3. Lynx1 shifts ?4?2 nicotinic receptor subunit stoichiometry by affecting assembly in the endoplasmic reticulum.

    PubMed

    Nichols, Weston A; Henderson, Brandon J; Yu, Caroline; Parker, Rell L; Richards, Christopher I; Lester, Henry A; Miwa, Julie M

    2014-11-01

    Glycosylphosphatidylinositol-anchored neurotoxin-like receptor binding proteins, such as lynx modulators, are topologically positioned to exert pharmacological effects by binding to the extracellular portion of nAChRs. These actions are generally thought to proceed when both lynx and the nAChRs are on the plasma membrane. Here, we demonstrate that lynx1 also exerts effects on ?4?2 nAChRs within the endoplasmic reticulum. Lynx1 affects assembly of nascent ?4 and ?2 subunits and alters the stoichiometry of the receptor population that reaches the plasma membrane. Additionally, these data suggest that lynx1 shifts nAChR stoichiometry to low sensitivity (?4)3(?2)2 pentamers primarily through this interaction in the endoplasmic reticulum, rather than solely via direct modulation of activity on the plasma membrane. To our knowledge, these data represent the first test of the hypothesis that a lynx family member, or indeed any glycosylphosphatidylinositol-anchored protein, could act within the cell to alter assembly of a multisubunit protein. PMID:25193667

  4. Experimental transmission of Cytauxzoon felis from bobcats (Lynx rufus) to domestic cats (Felis domesticus).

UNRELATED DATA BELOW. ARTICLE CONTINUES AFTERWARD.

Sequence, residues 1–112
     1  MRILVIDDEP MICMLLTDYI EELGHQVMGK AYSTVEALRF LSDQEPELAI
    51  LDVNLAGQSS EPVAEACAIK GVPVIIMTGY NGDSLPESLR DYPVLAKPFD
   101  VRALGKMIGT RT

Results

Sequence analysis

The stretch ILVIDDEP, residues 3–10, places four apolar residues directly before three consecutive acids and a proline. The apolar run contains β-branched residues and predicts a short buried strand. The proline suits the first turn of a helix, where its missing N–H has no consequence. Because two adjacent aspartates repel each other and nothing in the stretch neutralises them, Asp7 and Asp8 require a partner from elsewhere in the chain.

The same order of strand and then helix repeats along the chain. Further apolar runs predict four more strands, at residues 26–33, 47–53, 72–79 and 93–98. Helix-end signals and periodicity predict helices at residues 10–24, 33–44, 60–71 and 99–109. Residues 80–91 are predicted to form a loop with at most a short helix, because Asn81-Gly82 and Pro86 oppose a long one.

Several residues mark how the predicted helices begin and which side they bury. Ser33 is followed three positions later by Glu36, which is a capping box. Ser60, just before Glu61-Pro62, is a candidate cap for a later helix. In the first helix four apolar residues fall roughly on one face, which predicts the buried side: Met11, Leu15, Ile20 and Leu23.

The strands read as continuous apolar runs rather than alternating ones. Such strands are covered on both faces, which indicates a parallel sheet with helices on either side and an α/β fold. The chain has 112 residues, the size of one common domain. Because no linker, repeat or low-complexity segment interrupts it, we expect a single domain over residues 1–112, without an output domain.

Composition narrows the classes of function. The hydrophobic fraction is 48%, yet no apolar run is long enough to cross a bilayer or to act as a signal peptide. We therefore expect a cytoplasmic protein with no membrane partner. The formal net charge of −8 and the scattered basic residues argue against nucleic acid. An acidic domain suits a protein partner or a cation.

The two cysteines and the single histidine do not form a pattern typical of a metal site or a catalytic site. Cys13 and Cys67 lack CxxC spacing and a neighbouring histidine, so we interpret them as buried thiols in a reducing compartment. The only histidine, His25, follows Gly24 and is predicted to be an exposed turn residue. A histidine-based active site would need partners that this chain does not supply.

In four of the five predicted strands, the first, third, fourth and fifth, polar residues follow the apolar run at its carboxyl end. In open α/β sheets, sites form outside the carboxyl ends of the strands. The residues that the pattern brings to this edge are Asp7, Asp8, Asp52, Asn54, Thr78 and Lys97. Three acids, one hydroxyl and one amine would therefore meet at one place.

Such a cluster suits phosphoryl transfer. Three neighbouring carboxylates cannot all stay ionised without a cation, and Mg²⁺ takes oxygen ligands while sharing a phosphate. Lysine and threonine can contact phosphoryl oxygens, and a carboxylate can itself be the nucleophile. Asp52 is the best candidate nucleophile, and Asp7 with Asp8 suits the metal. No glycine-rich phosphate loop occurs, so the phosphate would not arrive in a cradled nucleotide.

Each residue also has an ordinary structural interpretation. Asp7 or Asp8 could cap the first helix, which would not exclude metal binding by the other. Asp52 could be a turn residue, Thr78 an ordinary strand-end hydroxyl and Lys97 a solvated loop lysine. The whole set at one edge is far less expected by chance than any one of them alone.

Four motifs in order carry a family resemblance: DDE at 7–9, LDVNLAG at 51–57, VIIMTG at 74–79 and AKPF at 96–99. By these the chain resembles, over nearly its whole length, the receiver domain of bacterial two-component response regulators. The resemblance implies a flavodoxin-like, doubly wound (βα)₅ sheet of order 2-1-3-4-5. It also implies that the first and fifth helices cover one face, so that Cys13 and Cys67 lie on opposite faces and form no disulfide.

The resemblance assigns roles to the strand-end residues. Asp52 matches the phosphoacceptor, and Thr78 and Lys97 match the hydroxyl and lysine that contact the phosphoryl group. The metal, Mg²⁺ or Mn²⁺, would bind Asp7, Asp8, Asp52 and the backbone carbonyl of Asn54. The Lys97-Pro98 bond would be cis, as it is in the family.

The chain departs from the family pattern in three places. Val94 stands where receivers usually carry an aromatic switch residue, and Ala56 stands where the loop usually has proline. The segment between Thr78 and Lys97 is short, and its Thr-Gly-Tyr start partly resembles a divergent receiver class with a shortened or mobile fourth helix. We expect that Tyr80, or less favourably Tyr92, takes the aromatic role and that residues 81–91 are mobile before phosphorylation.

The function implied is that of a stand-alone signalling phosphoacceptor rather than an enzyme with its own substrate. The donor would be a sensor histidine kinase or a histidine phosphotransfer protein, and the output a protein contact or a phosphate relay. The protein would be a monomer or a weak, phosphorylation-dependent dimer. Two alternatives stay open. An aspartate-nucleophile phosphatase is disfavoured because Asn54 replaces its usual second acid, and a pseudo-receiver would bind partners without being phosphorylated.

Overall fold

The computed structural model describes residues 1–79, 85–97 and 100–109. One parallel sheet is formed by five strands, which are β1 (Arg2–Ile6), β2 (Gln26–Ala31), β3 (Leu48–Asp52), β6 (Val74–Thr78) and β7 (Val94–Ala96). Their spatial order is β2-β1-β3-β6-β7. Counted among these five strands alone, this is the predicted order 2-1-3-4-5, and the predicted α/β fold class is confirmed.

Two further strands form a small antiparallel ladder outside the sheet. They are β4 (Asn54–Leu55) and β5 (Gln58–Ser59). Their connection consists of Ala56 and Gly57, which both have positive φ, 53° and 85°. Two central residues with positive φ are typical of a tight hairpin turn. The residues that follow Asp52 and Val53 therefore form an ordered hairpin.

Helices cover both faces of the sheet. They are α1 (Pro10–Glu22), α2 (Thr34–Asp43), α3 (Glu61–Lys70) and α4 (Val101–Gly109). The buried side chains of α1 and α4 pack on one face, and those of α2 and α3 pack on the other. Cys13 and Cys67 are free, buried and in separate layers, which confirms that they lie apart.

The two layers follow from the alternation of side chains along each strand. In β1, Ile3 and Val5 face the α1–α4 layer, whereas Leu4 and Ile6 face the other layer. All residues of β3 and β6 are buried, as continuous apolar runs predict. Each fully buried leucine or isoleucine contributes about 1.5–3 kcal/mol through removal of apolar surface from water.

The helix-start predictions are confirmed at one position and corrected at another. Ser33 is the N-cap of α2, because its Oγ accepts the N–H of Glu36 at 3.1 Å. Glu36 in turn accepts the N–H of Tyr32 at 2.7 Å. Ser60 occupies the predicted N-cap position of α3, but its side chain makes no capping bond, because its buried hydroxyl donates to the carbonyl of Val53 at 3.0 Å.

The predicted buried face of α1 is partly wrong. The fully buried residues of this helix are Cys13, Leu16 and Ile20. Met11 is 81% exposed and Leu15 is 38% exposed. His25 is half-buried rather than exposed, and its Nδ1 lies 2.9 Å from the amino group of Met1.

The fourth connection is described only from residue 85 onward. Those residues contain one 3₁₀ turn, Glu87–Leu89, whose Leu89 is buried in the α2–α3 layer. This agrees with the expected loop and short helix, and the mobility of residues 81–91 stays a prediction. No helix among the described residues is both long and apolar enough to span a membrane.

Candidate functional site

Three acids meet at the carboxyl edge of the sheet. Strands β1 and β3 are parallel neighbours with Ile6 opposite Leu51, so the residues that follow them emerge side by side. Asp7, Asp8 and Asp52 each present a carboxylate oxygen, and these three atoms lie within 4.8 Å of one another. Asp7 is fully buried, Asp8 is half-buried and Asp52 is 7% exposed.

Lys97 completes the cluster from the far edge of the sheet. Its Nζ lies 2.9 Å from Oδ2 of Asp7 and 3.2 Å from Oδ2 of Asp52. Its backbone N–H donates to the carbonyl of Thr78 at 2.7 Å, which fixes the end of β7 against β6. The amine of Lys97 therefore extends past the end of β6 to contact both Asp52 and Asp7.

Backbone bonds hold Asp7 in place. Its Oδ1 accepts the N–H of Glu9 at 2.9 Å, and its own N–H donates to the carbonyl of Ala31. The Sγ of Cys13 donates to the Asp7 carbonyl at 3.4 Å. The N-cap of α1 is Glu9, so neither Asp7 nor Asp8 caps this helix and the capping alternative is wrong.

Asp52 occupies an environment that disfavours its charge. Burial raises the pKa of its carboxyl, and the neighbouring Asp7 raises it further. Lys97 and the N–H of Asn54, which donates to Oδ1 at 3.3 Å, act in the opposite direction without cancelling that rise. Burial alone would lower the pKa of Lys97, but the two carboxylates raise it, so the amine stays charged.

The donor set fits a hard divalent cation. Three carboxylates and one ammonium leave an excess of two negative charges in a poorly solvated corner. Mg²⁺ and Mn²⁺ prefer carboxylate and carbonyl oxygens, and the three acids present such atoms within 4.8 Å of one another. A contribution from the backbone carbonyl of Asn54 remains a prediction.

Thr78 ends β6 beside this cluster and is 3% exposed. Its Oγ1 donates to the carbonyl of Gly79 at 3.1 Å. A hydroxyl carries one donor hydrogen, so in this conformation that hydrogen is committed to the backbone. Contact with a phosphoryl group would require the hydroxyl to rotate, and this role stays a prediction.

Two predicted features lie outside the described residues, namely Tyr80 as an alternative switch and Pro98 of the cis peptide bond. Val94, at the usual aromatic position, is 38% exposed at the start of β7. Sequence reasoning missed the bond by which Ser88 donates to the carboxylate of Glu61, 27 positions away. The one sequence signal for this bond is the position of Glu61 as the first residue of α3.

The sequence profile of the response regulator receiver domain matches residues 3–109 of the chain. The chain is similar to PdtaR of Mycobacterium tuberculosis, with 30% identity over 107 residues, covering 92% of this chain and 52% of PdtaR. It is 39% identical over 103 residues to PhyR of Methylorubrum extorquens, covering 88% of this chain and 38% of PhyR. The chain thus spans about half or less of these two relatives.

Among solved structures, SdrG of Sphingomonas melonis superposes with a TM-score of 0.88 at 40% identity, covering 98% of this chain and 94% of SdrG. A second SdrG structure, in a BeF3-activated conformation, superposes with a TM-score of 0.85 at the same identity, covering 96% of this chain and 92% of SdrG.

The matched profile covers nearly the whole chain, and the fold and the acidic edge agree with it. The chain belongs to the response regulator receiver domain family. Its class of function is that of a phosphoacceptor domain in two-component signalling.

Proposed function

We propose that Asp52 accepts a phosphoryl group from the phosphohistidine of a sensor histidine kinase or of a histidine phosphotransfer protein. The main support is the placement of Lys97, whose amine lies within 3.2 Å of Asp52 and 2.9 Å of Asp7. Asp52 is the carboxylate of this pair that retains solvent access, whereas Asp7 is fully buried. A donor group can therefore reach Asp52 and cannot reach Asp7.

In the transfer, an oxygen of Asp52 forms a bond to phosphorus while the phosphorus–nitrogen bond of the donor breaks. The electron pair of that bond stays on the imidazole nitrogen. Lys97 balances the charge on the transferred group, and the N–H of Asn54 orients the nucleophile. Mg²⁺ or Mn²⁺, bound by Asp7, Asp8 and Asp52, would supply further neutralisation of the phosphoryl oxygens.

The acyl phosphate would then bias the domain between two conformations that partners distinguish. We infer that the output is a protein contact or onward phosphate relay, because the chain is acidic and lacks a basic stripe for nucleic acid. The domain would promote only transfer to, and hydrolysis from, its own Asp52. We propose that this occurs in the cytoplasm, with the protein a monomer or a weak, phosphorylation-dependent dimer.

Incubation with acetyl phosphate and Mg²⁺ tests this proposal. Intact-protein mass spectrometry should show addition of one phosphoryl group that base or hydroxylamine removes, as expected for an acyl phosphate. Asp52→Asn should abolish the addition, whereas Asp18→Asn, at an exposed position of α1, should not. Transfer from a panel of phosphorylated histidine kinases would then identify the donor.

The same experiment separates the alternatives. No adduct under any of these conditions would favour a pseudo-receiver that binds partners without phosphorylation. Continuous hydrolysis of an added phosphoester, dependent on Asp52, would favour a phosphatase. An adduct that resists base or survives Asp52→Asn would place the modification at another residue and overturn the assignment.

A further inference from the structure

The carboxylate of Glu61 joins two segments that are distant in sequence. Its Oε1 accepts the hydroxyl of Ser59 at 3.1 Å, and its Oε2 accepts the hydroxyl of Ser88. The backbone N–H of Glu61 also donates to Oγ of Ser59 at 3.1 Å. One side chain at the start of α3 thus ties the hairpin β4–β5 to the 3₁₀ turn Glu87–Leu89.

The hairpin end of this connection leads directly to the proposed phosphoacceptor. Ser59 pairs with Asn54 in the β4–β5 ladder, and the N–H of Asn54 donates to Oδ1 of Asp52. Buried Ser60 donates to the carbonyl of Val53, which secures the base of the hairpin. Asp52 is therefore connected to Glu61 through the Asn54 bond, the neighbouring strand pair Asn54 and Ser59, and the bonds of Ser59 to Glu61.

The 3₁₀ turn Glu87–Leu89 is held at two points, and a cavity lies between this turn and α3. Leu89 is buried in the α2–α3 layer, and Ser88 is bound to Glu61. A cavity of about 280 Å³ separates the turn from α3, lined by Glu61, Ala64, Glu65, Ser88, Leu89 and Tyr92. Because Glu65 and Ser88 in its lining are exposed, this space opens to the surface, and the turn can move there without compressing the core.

PubMed

    Kier, A B; Wagner, J E; Morehouse, L G

    1982-01-01

    Freshly collected blood and/or spleen homogenate from an experimentally infected Florida bobcat (Lynx rufus floridanus), which had died of feline cytauxzoonosis, was inoculated into domestic cats. All inoculated cats had clinical signs of feline cytauxzoonosis and died within 2 weeks after they were inoculated. Similar material collected from an eastern bobcat (Lynx rufus rufus) carrying an experimentally infected Cytauxzoon felis parasitemia was inoculated into domestic cats. All inoculated cats developed a parasitemia, but none developed clinical signs of disease and none died of the disease. Cats subinoculated with parasitemic cat blood also developed parasitemias and they too did not develop clinical signs of infection nor died. After carrying the blood phase of Cytauxzoon felis for various periods, the domestic cats were then challenge exposed with proven lethal Cytauxzoon inoculum of domestic cat origin. All cats died of cytauxzoonosis. PMID:6807145